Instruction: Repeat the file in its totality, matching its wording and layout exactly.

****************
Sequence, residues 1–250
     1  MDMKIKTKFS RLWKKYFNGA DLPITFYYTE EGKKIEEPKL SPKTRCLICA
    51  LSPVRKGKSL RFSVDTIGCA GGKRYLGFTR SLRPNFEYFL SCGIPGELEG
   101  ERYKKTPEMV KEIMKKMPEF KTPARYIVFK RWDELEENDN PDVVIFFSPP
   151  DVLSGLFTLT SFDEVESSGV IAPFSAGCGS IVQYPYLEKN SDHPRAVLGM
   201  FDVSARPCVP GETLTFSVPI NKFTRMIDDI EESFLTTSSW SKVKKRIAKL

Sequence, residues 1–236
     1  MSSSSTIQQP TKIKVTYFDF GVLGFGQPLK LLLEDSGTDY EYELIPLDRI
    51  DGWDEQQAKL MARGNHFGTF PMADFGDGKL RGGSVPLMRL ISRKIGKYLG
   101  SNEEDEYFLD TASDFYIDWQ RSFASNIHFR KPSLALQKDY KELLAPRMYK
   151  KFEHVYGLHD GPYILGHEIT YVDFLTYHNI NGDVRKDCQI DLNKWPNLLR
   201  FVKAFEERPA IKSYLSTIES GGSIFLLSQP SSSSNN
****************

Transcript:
Sequence, residues 1–250
     1  MDMKIKTKFS RLWKKYFNGA DLPITFYYTE EGKKIEEPKL SPKTRCLICA
    51  LSPVRKGKSL RFSVDTIGCA GGKRYLGFTR SLRPNFEYFL SCGIPGELEG
   101  ERYKKTPEMV KEIMKKMPEF KTPARYIVFK RWDELEENDN PDVVIFFSPP
   151  DVLSGLFTLT SFDEVESSGV IAPFSAGCGS IVQYPYLEKN SDHPRAVLGM
   201  FDVSARPCVP GETLTFSVPI NKFTRMIDDI EESFLTTSSW SKVKKRIAKL

Sequence, residues 1–236
     1  MSSSSTIQQP TKIKVTYFDF GVLGFGQPLK LLLEDSGTDY EYELIPLDRI
    51  DGWDEQQAKL MARGNHFGTF PMADFGDGKL RGGSVPLMRL ISRKIGKYLG
   101  SNEEDEYFLD TASDFYIDWQ RSFASNIHFR KPSLALQKDY KELLAPRMYK
   151  KFEHVYGLHD GPYILGHEIT YVDFLTYHNI NGDVRKDCQI DLNKWPNLLR
   201  FVKAFEERPA IKSYLSTIES GGSIFLLSQP SSSSNN